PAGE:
Coping with grief and OCD

Warning: In this post I discuss a family bereavement and the resulting intrusive thoughts. Intrusive thoughts scare me because I find them to be ‘catching’ sometimes. I don’t want OCD sufferers who have recently experienced a bereavement to read this and then take on any of these intrusive thoughts. Read with caution. 

I’ve been avoiding writing this post for a while now, because the idea of writing it literally scares me. I don’t want to weird out any of my readers, or over-share. I don’t want to make people feel uncomfortable… but then I think balls to it. Life can be uncomfortable. OCD is incredibly uncomfortable. And losing a loved one is absolutely f***ing uncomfortable.

My big sister Jess died a couple of years ago. She had cystic fibrosis and she died of a lung bleed. When I was about four years old, my neighbour heard me and Jess playing in the sandpit and I asked her if she was going to die. I’d grown up knowing that I would long outlive her. I just didn’t think she would only live to 28.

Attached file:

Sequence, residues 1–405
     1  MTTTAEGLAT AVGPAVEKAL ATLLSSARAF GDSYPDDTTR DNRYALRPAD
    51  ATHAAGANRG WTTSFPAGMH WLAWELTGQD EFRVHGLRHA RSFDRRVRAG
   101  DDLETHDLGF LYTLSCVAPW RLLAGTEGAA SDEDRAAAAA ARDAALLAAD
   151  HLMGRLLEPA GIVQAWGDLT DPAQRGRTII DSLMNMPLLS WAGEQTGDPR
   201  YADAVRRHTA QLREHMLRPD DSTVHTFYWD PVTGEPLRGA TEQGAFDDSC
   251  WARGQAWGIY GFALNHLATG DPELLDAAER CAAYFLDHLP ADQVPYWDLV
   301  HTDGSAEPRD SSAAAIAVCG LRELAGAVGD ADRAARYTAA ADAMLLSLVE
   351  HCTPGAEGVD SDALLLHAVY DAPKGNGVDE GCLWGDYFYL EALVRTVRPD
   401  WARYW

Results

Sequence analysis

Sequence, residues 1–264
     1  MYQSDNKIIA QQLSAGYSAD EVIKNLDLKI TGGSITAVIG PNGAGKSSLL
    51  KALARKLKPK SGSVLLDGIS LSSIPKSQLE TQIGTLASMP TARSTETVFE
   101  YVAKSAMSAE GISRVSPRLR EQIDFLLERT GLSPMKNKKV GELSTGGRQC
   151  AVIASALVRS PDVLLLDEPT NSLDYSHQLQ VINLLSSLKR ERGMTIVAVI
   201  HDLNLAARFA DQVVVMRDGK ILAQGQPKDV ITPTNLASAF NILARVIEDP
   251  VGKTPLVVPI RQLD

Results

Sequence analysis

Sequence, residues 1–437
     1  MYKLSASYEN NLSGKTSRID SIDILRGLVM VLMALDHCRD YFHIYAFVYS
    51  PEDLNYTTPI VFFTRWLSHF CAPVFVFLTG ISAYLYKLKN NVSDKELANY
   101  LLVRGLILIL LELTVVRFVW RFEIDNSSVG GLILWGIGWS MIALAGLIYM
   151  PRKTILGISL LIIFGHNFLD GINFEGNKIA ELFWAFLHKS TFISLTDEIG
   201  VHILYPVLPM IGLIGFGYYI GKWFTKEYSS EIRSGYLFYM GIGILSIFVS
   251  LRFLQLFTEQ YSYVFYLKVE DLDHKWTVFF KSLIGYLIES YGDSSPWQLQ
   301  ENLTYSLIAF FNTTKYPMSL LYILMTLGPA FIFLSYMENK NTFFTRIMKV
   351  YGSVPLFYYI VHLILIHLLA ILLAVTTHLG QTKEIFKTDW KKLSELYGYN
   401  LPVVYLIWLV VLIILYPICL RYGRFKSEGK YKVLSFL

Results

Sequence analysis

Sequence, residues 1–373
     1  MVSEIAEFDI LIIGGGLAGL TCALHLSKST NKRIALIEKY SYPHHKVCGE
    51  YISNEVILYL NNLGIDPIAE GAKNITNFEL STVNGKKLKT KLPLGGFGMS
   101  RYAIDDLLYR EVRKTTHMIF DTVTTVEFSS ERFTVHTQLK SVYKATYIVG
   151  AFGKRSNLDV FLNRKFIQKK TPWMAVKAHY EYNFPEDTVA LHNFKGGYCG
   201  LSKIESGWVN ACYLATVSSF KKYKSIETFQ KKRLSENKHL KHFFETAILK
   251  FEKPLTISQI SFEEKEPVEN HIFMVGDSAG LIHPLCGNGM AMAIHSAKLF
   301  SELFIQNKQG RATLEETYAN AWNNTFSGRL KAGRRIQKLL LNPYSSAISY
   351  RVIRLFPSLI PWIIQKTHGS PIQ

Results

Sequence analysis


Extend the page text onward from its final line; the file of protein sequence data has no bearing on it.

Anyway, I’m not gonna delve into the primary emotions of grief. Those are things that I find private and personal, and they’re also kind of irrelevant to my blog. I’m gunna discuss the effects that my sister dying has had on the OCD.

To begin with, shock set in and overtook my brain, leaving no room for OCD whatsoever. My brain still didn’t belong to me, but whereas OCD had held it captive until that point, it was now imprisoned by vibrating numbness and cold shock. I didn’t over-wash my hands, I didn’t keep everything in order, and my brain didn’t even punish me for it. Not once.